J: They are, they’re an interesting little clique, ha-ha.
21:39- 22:06- AUDIO EDITED OUT AT NARRATORS REQUEST
J: We’ll use pseudonyms, K and H, um I told them at Hoovers and they were just like, “I owe you twenty bucks.” Ha-ha, that is pretty much what they said. So yeah, I came to the conclusion a long time ago that any new friends I make I’m going to tell them right away, it’s not something I’m going to keep secret.
E: So has it become easier?
J: Yeah, and I’ve also come to the conclusion that none of my dad’s side knows that is still up in New York. My friend [Deleted] knows, that was interesting telling him because he had been my friend since fourth grade. He was like, “No you’re not, no you’re not.” I was like, “I am.” Ha-ha. He was like, “No I don’t believe you, you like chicks too much.” I’m like, “No, I really don’t actually.” Um, but he is cool with it now. He actually went to a drag show with me in New York it was fun. He found it and was like, “I found this great place that we’ll have to go to next time you’re here!”
E: So he has definitely accepted it now?
J: He is not gay, but for some reason enjoys going to drag shows, go figure – the butchest guy I know. Yeah… none of my dad’s family knows up in New York. But I’ve come to the conclusion that if anyone ever asks I’m going to just straight up tell them. If the grandmother I live with now ever asks I would say yeah.
E: Do you think she…ever suspects or has been told by other family members?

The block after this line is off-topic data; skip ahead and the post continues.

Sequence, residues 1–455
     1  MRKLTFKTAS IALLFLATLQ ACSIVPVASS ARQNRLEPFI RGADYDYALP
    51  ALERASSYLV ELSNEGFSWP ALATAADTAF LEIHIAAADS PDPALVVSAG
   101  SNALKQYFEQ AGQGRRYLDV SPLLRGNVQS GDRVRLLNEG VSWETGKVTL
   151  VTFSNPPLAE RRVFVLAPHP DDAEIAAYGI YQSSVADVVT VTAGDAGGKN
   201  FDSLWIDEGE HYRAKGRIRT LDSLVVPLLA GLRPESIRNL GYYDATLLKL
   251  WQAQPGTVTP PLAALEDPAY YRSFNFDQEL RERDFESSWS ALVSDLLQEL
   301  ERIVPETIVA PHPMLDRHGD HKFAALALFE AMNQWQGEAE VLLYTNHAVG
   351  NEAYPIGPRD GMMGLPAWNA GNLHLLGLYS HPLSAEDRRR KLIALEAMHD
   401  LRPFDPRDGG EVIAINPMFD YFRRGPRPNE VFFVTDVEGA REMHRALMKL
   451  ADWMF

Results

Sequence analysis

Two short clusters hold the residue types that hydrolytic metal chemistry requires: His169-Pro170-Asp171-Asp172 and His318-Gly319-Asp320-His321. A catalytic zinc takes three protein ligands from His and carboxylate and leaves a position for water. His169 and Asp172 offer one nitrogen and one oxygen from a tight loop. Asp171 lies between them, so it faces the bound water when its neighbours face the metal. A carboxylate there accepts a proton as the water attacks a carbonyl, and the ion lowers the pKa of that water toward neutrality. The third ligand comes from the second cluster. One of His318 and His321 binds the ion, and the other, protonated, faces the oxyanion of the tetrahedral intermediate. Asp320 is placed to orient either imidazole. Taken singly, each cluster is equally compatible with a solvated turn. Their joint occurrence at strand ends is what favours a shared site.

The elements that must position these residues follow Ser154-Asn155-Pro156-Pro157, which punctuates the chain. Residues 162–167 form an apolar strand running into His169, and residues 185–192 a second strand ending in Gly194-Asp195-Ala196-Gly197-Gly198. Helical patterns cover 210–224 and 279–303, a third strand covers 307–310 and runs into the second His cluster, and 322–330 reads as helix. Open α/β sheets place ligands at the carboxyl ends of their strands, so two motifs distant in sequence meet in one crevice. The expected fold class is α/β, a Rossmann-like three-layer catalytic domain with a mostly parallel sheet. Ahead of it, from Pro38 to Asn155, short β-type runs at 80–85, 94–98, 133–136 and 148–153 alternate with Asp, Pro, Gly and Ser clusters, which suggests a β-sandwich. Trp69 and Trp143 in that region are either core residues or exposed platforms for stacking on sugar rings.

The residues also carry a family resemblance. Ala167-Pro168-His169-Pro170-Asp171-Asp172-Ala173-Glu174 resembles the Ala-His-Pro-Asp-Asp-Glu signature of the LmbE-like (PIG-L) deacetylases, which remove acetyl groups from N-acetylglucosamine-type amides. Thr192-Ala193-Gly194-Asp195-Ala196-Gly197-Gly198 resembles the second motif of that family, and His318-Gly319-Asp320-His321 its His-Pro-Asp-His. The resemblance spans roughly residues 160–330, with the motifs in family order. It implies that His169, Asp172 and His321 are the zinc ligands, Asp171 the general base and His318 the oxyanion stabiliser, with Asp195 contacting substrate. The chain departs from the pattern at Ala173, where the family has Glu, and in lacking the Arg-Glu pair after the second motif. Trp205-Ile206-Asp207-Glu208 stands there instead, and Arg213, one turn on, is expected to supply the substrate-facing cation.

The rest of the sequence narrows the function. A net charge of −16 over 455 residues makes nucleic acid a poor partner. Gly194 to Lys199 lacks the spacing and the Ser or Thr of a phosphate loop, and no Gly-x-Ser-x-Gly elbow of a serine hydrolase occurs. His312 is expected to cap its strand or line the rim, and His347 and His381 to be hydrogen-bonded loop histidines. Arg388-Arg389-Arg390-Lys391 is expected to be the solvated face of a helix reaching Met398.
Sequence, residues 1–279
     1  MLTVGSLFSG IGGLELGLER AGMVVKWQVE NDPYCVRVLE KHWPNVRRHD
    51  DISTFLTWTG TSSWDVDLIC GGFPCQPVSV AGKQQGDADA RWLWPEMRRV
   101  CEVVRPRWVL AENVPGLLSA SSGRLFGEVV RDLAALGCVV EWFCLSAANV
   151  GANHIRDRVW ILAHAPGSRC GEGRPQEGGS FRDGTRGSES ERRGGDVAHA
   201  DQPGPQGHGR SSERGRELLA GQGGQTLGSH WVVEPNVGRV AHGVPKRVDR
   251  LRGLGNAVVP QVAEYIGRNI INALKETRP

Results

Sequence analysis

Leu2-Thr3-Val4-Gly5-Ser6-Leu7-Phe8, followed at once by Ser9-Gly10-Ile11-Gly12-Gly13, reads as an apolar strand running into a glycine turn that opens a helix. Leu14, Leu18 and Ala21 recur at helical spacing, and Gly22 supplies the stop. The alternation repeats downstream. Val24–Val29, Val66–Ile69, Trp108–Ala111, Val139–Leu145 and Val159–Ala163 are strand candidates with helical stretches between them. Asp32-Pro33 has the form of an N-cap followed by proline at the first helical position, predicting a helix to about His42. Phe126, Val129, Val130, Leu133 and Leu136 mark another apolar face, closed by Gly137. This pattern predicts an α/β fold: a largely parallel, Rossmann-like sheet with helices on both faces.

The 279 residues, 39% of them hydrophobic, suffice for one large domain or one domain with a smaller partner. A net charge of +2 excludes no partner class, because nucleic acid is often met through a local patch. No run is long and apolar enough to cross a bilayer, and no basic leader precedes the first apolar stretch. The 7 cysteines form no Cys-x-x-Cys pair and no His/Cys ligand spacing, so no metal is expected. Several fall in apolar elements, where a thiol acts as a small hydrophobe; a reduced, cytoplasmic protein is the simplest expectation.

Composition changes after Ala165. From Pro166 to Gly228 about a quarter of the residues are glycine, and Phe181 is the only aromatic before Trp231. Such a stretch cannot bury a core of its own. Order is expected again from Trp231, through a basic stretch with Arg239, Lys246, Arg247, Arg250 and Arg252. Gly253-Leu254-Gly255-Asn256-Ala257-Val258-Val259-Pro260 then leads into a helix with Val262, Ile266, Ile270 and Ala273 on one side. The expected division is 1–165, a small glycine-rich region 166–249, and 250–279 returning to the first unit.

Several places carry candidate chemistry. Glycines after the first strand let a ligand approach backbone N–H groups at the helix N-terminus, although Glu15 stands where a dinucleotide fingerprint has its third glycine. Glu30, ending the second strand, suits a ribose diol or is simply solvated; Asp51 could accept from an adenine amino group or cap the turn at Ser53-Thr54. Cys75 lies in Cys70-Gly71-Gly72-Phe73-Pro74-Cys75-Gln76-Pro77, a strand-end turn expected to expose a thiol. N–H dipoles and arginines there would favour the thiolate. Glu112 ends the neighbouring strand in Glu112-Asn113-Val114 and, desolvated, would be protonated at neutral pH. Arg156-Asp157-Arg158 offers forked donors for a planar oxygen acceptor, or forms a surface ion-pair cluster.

J: Suspects or not, Um…Again I don’t know I don’t think so. Um, just because she is so hung up on me, thinking me so masculine, um I don’t think she does. She may suspect. I know if she went into my room it would be a dead give away. I’ve a rainbow sticker over my alarm clock. I have a gay pride pin and I have Queer as Folk sitting right there, the video tape series of the show, and Will and Grace and I’ve watched a few movies with her which she, ha-ha, picked up on the fact that there was a gay character in most of them, ha. She was like, “I’d rather not watch those kinds of movies Joe.” I was like okay, I mean it wasn’t blatantly about homosexuality it was just, had a very gay character. She was just “I don’t feel comfortable watching that kind of stuff.” I’m like, “Oh honey if you only knew!” Ha-ha.
E: Oh man, that does have to make it a little awkward.
J: I really don’t want her to know, because I really don’t want to get kicked out, just in case she would flip. Um, so yeah.
E: Thanks, yeah, thank you for being so comfortable and opening up. I do have one more question before we get into the Shenandoah area. You had mentioned it before, this is something that I am definitely, am interested in because it is such a big factor, is faith. Um and you did mention before, I just want to ask was faith or religion a part of your childhood and growing up and if so how did this influence your coming out?
J: Mom is Catholic; dad is Baptist, northern Baptist not southern Baptist.
E: Sounds like my family but the opposite.
J: Oh wow, ha-ha.
E: Yeah dad is catholic and mom is protestant.
J: That is how they were raised. Dad, mom is, really wants to get back into her faith but yeah, whatever. And um, I reject the Catholic faith wholeheartedly; it’s too much Dogma. I just don’t, it’s not me. It has become more of an issue with my life, um ya know.
E: Faith in general or the Catholic Church?
J: Not the Catholic Church, just I consider my self non-denominational Christian. Um, obviously I have issues with the southern Baptists and Jerry Falwell and the like.
E: Oh I have questions about that, living in Lynchburg.